Recipes


Leap Farm Rump Steak with Penang Curry

Penang Curry with Beef Rump.JPG

This is the most recent recipe I've been working on that deserves publication, but it does require a little organisation because the meat needs to be marinated. Don't be off-put by the recipe, it is remarkably easy and tastes fantastic. You need....

 

500g of Rump Steak

To make the marinade, bring the soy sauce to the boil and add the palm sugar (bar 2 tbsps) and allow to simmer on reduced heat until the sauce is thick. Stir in the garlic and cool. Mix with 1 tbsp of peanut oil and marinate overnight (or if you're a bit disorganised, just an hour will suffice).

Blend all the ingredients in a food processor (or Thermomix) until almost smooth. 

Heat 1 tbsp peanut oil and stir fry half of the paste (put the other half in the fridge to reuse within 3 days, or freeze if you want it next week) - it should smell wonderful. Add the keffir lime leaves, the fish sauce (if you're using it), the 2 tbsp of palm sugar (held back from the marinade) and stir fry for another minute. Add the coconut milk, bring to the boil the reduce to a simmer to allow to thicken (about 10 minutes), and then add the veggies and simmer until they're tender.

At the same time, either BBQ the rump steak, or cook on a griddle until browned on both sides and medium rare. Make sure you rest it, covered, for at least 5 minutes, then slice into thick strips.

Serve the curry on a bed of rice, with the leaves of the fresh corriander on top. And then try not to eat it all at once!

Marinade for the Beef:

1/4 cup dark soy sauce

1/3 cup cup grated palm sugar

2 cloves crushed fresh garlic

1 tbsp peanut oil (or a light oil if you don't have this)

 

Penang Curry Paste:

5 fresh long red chillies

1 tsp salt

2 tsp chopped corriander root

3cm piece of fresh ginger 

10cm piece of lemongrass

2 eschallots (or a large brown onion if you'd prefer)

2 more (!) cloves of garlic

1/4 cup of water

1/4 cup roasted peanuts

 

For the curry:

8 kaffir lime leaves

2 tbsp fish sauce (although I leave out)

400ml coconut milk

Veggies of your choice (pictured above is broccoli, snow peas, carrots and peas)

Jasmine Rice


Our advice on how to cook goat:

We are often asked for advice on how to cook our goat – I have included some of our favourite cooking methods here. You can also substitute goat in slow-cooked lamb or beef recipes. For specific recipes, click on the title for a pdf print version.

 

Goat Backstrap and Eye Fillet

These cuts are tender, and shouldn’t be overcooked, or will go tough. Experience has also taught me that if they're too rare, they are tough. Medium rare is best, and remember to let the meat rest for a few minutes prior to serving.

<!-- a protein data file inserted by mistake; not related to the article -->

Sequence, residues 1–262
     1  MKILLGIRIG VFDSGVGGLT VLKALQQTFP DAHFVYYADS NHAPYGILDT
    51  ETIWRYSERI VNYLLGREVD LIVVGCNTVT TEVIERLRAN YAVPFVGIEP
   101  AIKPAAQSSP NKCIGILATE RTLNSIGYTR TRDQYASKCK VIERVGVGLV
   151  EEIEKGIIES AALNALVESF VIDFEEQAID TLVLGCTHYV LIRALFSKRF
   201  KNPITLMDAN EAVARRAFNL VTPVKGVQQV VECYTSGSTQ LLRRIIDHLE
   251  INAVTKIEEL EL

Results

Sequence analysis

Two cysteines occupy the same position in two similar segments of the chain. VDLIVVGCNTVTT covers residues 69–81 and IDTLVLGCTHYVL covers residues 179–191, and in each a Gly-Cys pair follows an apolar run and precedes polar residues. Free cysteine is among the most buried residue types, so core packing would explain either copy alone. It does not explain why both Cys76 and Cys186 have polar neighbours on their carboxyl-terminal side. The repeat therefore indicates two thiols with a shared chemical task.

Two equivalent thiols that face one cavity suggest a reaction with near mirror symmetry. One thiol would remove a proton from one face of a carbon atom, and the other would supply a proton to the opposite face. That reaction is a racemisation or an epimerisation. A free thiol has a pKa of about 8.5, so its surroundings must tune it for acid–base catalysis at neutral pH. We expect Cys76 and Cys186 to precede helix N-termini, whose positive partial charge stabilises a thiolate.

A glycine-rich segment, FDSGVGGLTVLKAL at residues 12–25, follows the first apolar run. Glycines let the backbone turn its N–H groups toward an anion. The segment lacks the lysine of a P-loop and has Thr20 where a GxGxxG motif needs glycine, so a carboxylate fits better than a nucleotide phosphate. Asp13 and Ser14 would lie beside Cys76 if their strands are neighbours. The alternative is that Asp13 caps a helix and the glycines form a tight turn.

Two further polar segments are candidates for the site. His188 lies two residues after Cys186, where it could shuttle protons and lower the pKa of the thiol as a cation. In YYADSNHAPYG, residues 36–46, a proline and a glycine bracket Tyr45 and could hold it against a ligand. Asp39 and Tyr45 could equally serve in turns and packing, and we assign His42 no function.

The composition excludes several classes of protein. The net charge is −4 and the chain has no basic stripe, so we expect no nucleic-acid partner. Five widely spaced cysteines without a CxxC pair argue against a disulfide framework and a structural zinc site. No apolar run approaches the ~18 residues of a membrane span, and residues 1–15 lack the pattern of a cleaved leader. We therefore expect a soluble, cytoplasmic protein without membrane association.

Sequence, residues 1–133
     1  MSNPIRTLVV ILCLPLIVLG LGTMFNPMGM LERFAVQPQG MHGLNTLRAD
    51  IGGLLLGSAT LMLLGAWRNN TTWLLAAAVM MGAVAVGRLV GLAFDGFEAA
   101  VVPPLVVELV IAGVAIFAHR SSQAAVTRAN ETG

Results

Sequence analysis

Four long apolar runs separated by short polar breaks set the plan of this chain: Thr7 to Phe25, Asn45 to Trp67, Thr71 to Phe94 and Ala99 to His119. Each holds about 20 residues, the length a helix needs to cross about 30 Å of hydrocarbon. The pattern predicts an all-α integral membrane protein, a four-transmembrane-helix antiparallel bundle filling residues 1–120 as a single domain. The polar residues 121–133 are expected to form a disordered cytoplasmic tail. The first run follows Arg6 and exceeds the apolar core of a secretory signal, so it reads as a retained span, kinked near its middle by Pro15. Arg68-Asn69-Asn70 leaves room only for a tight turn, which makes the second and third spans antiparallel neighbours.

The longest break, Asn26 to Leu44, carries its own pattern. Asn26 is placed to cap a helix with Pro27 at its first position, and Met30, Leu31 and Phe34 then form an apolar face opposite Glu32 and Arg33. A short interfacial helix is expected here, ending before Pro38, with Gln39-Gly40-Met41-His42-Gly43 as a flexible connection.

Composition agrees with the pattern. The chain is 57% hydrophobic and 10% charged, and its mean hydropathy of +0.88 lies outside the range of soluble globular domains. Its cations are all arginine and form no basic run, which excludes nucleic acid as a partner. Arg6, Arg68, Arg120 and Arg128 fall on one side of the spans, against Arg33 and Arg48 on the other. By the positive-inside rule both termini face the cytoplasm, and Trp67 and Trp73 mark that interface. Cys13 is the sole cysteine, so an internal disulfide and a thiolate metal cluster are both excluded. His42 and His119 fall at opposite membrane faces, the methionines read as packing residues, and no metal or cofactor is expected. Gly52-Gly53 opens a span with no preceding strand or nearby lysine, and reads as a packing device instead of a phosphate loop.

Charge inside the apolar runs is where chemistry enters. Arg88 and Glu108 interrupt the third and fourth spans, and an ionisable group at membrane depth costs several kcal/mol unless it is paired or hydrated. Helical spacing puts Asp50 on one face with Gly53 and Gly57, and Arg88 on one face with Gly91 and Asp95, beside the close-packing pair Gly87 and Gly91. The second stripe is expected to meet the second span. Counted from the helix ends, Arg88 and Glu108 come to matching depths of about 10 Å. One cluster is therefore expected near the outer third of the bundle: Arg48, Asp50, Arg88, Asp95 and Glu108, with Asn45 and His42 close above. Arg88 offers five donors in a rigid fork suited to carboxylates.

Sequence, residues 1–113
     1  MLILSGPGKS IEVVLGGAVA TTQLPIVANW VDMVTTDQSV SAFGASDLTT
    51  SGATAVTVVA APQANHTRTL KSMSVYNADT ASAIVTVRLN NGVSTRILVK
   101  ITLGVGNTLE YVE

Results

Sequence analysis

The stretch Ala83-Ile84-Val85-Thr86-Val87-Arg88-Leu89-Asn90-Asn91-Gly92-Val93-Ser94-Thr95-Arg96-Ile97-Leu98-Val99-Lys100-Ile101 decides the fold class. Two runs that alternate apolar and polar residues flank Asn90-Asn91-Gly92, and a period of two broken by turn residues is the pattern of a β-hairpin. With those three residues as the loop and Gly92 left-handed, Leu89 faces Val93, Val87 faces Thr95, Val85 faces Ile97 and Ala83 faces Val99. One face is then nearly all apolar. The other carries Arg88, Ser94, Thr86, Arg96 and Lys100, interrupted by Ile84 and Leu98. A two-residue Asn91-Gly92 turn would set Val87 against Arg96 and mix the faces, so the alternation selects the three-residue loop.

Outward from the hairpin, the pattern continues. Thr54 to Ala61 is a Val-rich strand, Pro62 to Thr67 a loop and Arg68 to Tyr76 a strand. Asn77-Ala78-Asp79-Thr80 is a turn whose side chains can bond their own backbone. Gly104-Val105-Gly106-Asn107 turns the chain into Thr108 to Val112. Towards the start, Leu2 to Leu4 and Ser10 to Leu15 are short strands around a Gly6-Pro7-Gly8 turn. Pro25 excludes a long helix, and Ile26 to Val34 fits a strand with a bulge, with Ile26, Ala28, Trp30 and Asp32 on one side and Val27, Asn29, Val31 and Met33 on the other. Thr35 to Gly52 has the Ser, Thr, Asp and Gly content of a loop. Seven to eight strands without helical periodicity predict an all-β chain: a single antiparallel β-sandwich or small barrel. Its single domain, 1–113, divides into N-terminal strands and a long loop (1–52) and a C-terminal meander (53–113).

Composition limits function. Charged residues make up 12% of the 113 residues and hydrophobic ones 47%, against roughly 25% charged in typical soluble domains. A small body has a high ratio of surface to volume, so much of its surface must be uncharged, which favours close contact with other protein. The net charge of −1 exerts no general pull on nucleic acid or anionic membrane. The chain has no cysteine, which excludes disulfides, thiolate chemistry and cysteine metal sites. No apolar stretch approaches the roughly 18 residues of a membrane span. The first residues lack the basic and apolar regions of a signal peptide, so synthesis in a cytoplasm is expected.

Use these as you would beef steaks: you can cut into slices to add to a stir fry or flash grill/fry and after resting, slice and add to a salad. For something a little different, smear half a teaspoon of tandoori curry paste over the meat, then barbeque or pan fry paste side down for 2-3mins, smearing the other side with the paste, then turn over and cook for a further 1-2mins. Remove the meat from the pan and allow to rest. 

 

 Goat Roast

This cut should be slow cooked. Options include chopping it up and slow cooking for 2-3 hours in a curry, or “tagine” recipe (you only need a heavy, cast-iron casserole dish to produce a tagine-style dish).

Options for roasting include basting with a sauce, marinating, traditional roasting (at 180 degrees C), pot-roasting or slow-roasting. Lightly salt the roast prior to any technique. For slow-roasting, turn your oven to 210-220oC and “sizzle” the cut of meat for 20 minutes (alternatively, sear it in a pan on the stove). This forms a delicious crust. Then turn the oven down to 160oC. Refer to the table below for roasting times. It’s important to rest the meat (out of the oven, cover in al-foil) for 15-20minutes before serving, which is part of the cooking process that the times below are based on.

Rare (very pink in the middle)                   10 minutes per 500g

Medium (just pink in the middle)              15 minutes per 500g

Well done (not pink at all)                          20 minutes per 500g

If you’re really brave, and want a delicious, melt-in-your mouth dish, slow roast the goat at 140oC (without the “sizzle”) for 3-4 hours. It’s still important to rest the meat even with this technique.

 

Leap Farm’s Slow Cooked Goat Shank

Click on the title for a pdf pop-up (you may have to enable "pop-ups" in your security settings if it doesn't appear).

Photo credit  Alice Bennett

Photo credit Alice Bennett

 

Pulled Goat

Click on the title for a pdf pop-up (you may have to enable "pop-ups" in your security settings if it doesn't appear).

Photo credit  Alice Bennett

Photo credit Alice Bennett

 
Goat Cookbook image

More Goat recipes...

Follow this link to purchase our all-time favourite cookbook dedicated to all things GOAT! Not only does it have fabulous recipes, it is also a very entertaining read. 

....Or follow this link to the SBS food page on goat meat.